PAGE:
Adding tool-tips to an interactive chart.
This is Part 2 of a three part tutorial exploring building interactive charts with D3. Part 1 can be found here.
Other blog posts which can be used as introductory material to this series:
This tutorial is Part 2 in a multi-part tutorial exploring interactive SVG charts. We will pick up where we left off in Part 1 by adding tool-tips to each data point in the chart which become activated when a mouse hovers over a point. (more…)
This is the first of a series of tutorials on using Bootstrap radio buttons in the wild to filter real datasets in concert with other commonly-used UI components like DataTables and jQuery UI.
Part 1: Converting a classic input radio to the Bootstrap label
Filtering tables of data is the central task of many a business web-app. DataTables are searchable by default, but records often beg to be batch-filtered into several status modes like: current | archived | all.
Bootstrap Radio Buttons provide a nice, clean look, but many developers shy away from them due to unfamiliarity with their CSS label-based class manipulation and/or compatibility issues with other component libraries like jQuery UI.
Bootstrap checkbox and radio btn-groups work ‘out of the box’, but the simple activation of a default button decouples active button highlighting from the input tag checked state. In this case, the active label class must be handled manually, but the docs don’t explain how, so a stack-overflow of posts for dev-help ensues. (more…)
This is my fourth blog post in a series on using D3. Previous posts include:
This tutorial is a single-page app requiring a modern browser (tested on recent chrome, firefox, IE). Because this tutorial explores zooming, you will need to be using a computer with a wheel mouse. This tutorial can be run live in your browser at the wonderful bl.ocks.org site. If so inclined, you can also clone the tutorial from gist and run it locally on your computer.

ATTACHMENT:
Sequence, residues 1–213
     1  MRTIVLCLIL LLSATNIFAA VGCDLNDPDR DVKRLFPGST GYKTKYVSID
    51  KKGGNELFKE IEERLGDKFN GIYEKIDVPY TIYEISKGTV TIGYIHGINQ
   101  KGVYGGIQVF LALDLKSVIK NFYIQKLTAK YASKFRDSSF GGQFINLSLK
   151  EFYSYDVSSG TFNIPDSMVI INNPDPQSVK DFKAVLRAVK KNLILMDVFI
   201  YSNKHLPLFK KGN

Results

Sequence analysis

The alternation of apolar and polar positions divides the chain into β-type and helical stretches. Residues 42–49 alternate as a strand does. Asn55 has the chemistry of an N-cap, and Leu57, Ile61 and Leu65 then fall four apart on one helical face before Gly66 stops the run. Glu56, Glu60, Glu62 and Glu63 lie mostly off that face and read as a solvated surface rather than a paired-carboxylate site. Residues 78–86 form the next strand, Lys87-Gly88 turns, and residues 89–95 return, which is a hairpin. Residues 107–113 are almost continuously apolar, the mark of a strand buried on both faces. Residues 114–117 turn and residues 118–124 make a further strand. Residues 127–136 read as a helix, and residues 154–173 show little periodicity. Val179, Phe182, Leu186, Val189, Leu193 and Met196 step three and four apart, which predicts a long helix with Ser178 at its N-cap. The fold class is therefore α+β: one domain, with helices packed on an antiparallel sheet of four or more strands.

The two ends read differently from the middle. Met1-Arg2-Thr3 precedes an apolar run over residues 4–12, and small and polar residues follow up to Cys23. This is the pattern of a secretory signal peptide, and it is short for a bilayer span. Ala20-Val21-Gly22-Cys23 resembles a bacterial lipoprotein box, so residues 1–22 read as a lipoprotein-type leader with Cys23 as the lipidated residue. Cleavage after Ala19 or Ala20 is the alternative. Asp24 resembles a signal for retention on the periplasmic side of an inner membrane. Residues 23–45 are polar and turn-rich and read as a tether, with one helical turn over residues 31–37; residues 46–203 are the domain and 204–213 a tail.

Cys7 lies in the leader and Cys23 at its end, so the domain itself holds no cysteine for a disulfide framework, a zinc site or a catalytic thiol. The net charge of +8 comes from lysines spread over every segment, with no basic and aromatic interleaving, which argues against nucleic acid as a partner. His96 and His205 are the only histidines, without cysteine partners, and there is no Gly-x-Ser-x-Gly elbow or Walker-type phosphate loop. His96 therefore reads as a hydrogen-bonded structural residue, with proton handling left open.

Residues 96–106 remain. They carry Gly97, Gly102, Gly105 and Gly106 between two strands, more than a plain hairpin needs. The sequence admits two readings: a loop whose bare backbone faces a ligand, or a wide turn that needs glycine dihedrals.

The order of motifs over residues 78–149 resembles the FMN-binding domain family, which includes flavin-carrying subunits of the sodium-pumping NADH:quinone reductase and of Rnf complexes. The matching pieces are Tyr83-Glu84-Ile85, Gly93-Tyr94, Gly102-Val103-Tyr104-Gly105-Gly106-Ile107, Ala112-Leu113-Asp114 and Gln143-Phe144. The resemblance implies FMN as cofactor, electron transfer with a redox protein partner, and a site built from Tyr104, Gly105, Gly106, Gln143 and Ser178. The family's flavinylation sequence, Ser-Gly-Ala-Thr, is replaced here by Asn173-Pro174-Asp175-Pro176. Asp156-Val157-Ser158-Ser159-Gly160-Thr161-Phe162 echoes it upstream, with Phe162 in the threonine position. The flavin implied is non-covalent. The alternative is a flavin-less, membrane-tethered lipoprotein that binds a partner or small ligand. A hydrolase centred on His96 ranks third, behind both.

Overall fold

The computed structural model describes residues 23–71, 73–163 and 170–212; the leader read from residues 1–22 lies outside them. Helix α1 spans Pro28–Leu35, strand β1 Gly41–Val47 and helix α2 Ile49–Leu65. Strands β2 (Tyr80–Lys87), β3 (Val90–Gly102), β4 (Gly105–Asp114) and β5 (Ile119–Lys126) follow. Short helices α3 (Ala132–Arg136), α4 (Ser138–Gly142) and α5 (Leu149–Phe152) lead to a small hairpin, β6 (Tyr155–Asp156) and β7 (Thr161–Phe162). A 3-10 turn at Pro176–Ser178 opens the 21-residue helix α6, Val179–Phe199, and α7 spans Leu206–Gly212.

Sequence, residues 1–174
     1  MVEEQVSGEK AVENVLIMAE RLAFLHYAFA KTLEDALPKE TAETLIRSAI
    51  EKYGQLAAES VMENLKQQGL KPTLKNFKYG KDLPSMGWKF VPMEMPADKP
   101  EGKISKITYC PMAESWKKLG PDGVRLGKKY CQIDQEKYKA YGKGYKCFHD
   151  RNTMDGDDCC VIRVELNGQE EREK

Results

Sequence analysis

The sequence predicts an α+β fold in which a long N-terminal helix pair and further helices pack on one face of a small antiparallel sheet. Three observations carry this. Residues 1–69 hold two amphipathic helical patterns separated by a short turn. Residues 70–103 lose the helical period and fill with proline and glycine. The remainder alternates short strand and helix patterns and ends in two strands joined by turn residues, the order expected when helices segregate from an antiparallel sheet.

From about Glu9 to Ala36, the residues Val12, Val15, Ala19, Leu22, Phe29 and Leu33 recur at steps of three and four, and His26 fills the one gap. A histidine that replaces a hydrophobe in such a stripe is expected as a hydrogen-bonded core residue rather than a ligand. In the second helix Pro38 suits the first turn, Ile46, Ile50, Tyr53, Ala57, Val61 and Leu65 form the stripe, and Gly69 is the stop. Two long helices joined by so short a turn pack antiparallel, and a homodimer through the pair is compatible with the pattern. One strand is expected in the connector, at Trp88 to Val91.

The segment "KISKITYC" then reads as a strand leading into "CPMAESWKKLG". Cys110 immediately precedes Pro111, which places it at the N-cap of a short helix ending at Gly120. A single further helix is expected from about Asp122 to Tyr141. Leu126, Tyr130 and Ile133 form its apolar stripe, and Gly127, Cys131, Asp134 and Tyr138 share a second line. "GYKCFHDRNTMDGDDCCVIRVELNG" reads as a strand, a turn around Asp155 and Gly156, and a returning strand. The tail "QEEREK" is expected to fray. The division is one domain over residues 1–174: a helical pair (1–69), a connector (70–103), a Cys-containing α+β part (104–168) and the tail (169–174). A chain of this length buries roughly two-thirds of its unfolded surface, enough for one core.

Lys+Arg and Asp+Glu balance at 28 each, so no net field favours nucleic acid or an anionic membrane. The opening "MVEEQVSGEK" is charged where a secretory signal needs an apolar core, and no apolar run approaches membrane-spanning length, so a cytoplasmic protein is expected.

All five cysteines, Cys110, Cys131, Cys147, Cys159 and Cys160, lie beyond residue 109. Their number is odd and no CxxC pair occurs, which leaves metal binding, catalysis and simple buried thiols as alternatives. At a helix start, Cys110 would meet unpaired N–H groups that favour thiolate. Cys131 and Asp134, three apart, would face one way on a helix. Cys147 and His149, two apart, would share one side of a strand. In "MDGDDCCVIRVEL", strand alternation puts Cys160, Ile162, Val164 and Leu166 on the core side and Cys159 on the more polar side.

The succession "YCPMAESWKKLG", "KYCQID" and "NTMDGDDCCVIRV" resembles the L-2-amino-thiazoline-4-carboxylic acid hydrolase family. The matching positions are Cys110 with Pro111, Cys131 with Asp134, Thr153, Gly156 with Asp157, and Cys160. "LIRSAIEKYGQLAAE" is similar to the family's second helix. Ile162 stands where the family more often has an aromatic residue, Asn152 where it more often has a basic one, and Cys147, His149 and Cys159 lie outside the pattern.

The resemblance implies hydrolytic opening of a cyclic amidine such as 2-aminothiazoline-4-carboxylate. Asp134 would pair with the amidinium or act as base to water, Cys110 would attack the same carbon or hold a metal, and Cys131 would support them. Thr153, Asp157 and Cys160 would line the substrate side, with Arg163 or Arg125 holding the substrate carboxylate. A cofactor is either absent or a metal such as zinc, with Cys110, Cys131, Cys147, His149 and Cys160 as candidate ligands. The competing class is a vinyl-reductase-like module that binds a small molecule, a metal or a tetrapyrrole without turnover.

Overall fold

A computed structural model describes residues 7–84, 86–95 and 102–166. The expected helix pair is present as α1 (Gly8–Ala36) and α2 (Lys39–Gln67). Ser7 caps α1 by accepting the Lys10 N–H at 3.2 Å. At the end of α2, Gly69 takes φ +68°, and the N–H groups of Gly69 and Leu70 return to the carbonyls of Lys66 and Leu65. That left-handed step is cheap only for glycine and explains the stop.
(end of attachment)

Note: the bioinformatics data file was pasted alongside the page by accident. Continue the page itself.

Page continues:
Regardless of how you view the tutorial, you can leave comments about it here.
You’ve built the web application of the century, and the users have rightly flooded to it. Cat pictures for everyone!
But alas, while your users indulge in cat-induced bliss, the cold hard reality of server costs cannot help but harsh your mellow. What is to be done?
Maybe, you could get the users to… pay for access to your incredible web application in all its multivarious splendour?
Braintree is a payment processor (now a subsidiary of PayPal), which boasts of a "simple, robust way to accept payments", and with features like a drop-in payment ui and libraries for various programming languages enabling fairly easy integration, is a solid choice for accepting payments via credit card or PayPal.
While Braintree’s developer documentation is blessedly detailed, it’s possessed of a potentially confusing bevy of options, and its various implementation examples are spread out amongst a number of pages and platforms. So today, rather than reiterate any particular section of the docs, we’re going to take a look at an end-to-end example of a specific, straightforward scenario – accepting and processing a one-time, immediately settled payment in a web application.
My previous post demonstrated the use of
Object.defineProperty to programmatically add a list of properties to an ES6 class, such as a Backbone.Model subclass, reducing the amount of boilerplate code necessary. The example in that post added simple getters and setters, but it’s possible to go further for Backbone.Model properties, also configuring in a single data structure functionality like:
- Options for properties, such as disabled setters
- Default values for properties
- Mappings for parsing date strings and model relationships
This technique uses a common base class from which all other model classes descend. The model subclasses (e.g. a user model) provide a list of property definitions, which centralize various aspects of those properties. The base class has configuration methods which iterate over the property definition objects.
In the particular examples below, the base configuration methods handle attribute to property name mapping, default values, and server data parsing, but this technique can be applied to other configurable property-related tasks, such as marking some properties blacklisted or viewable only by admins.